BIFFEes screens 250 movies in 8 days

Bengaluru International Film Festival screens 250 movies in 8 days

The Bengaluru International Film Festival (BIFFes), that will be held in the city from February 26 to March 4, will see 250 odd films being screened over eight days. The festival will master classes, retrospective segments and a new section called ‘Indian Musical Tradition and Cinema’, which will screen films on Thyagaraja, Purandaradasa, Swati Tirunal, Tansen, Baiju Bawra and Meera. Filmmakers from across the globe, whose films will be screened, are expected to arrive for the festival. Two of the filmmakers — Geetha J and Ananth Narayan Mahadevan — whose films will be screened in the ‘Indian Cinema Competition’, shared their experiences with Metrolife. Here’s what they had to say...    

Run Kalyani - Geetha J

Film writer and director Geetha J’s first feature film ‘Run Kalyani’, that was screened at Kolkata International Film Festival in November last year, is a story of a young woman whose life gets stuck in the everyday monotony. 
 Geetha says that she is intrigued by the lives ordinary people and wishes to bring a break into the set pattern. Geetha’s film will be screened in the ‘Indian Cinema Competition’ at the forthcoming BIFFes film festival. In an interview with Metrolife, Geetha talks about the film and more.  

What drove you to make this film?

The film was born out of a sense of being trapped in an everyday pattern of life. I have seen women being in that kind of a situation where they go through the every day grind. The more you understand life, the more you realise that life is not so monotonous and that there are immense possibilities to it.

Who is the protagonist in the film?

The story, pattern of life and the idea of how you can change things within a set framework is what inspired me to write the story around the life of a young cook. Kalyani is a woman with beauty, brains and her own desires. She works in three houses, including her own. As the stories in the three households slowly unfold, you will see the patterns changing ever so slightly till you get to see the complete change. Getting away from the monotonous setting is what more women, than men, desire to do. There is a deep metaphorical meaning to it. 

What is the crux of the story?

The film looks into many of the issues that are more common for women than men. The issues are only a subtext and it is up to the viewer to pick up the pertinent issues and think about it. Kalyani is a just a shadowy figure who moves from one house to another and one story to another.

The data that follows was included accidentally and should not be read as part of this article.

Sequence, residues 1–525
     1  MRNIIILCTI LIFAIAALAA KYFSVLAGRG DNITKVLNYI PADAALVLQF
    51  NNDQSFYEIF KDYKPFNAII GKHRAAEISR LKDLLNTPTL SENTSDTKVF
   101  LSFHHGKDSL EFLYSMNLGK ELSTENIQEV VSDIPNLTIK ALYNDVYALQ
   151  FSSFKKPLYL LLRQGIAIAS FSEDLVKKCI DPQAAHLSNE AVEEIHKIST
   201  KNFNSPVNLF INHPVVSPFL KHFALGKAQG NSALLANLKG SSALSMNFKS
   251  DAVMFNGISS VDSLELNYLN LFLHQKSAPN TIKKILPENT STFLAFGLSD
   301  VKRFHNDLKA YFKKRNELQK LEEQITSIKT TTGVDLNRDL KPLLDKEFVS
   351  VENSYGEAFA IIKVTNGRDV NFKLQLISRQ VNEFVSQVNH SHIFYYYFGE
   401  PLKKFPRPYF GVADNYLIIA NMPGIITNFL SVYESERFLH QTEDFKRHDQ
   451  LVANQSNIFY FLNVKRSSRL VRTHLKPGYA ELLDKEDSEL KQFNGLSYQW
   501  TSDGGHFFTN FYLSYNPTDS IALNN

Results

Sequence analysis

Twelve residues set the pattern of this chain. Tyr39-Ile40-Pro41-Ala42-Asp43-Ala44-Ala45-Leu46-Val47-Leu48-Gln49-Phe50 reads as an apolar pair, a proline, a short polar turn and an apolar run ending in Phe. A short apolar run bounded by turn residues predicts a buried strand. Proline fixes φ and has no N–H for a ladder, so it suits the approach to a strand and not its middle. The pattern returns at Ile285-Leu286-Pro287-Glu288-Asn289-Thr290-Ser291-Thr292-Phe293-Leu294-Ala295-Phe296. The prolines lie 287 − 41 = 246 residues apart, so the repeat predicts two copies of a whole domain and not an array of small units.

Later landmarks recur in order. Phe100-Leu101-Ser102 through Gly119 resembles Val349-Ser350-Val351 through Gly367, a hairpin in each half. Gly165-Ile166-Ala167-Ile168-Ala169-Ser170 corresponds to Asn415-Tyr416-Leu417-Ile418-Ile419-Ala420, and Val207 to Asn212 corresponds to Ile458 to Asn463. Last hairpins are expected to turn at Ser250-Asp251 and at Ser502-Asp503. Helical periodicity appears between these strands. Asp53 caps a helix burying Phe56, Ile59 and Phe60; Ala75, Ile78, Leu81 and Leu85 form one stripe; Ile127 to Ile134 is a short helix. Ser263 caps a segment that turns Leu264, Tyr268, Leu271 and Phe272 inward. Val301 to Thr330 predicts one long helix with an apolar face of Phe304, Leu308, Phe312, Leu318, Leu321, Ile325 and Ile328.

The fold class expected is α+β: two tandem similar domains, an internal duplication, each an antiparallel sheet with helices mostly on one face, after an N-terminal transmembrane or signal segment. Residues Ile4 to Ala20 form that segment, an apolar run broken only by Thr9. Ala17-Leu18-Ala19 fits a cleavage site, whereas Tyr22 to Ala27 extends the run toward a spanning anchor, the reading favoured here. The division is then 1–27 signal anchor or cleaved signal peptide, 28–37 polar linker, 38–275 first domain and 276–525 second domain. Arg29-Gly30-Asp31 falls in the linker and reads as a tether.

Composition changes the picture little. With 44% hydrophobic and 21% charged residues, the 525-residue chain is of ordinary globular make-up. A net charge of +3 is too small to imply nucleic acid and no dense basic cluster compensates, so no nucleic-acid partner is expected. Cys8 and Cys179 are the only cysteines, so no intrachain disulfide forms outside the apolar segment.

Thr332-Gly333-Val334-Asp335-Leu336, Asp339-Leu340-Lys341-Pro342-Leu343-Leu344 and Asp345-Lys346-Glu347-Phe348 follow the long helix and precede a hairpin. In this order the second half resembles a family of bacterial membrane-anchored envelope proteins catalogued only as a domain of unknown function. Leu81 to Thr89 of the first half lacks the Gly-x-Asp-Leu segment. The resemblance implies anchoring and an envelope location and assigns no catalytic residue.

Mai Ghat: Crime No. 103/200 - Ananth Narayan Mahadevan

Actor-writer-filmmaker Ananth Narayan Mahadevan came across a newspaper editorial on the historic judgment that was based on a 13-year-long legal battle for Prabhavati Amma to get justice for her son Udayakumar who died in police custody in 2005. This case was so strong that the CBI stepped in and the mother finally got justice for her son.
  Ananth was eager to make this into a film and that’s how ‘Mai Ghat: Crime No. 103/2005’ was made. His film is now being screened in the ‘Indian Cinema Competition’ section at the 12th edition of BIFFes to be held between February 26 and March 4. In a quick chat with Metrolife, Ananth, talks about what inspired him to make the film, ahead of its screening in the city.   

What inspired you to make the film?

I read about this very historic judgement in the judiciary of India where two cops were being sentenced to death. This has never happened in judiciary before. Further probing revealed that this is the result of a 13-year fight by a lady called Prabhavati Amma, a mother in Thiruvanathapuram, who had fought for her son who was tortured to death in police custody. The film has so many layers to it because we not only spoke about custodial deaths or the courage of a mother, we also held a mirror to society. The film takes one through issues that crop up as a result of the economic disparity, caste-based politics and the debate of who is right and who is wrong. That is what drove me to make this film. 

What kind of research went into getting the details?

We wanted to keep it as real as possible. The first task was to convince Prabhavati Amma’s lawyer Siraj and Prabhavati herself that this was not going to be a typical Bollywood approach to cinema. Our film was a tribute to a mother and a mirror to the many issues in society. I got details of the case and how the CBI came from Delhi to take up the case for her. We spoke to Prabhavati to get the emotional side and combined it with real-time data.  

How do films like yours help the debate on custodial deaths?  

In the last six years, the number of custodial deaths have gone up by 50 per cent, not just in India but across the globe. The film talks about the wide disparity in pay scales, caste and creed and so many other issues plaguing society. It is our attempt to make people, audience and judiciary aware of the inequality in society. Films may not create a revolution, but they can create awareness and bring to light a lot of things.


The 12th edition of Bengaluru International Film Festival will be inaugurated today at Kanteerava Indoor Stadium at 6pm.

The guests expected to be there include:


Kannada actor Yash

Bollywood actor Boney Kapoor

Playback singer Sonu Nigam

Actor Jayapradha

Union Minister for Finance and Corporate Affairs Nirmala Seetharaman, among others.

The inaugural film is ‘Cinema Khar’ by director Shahed

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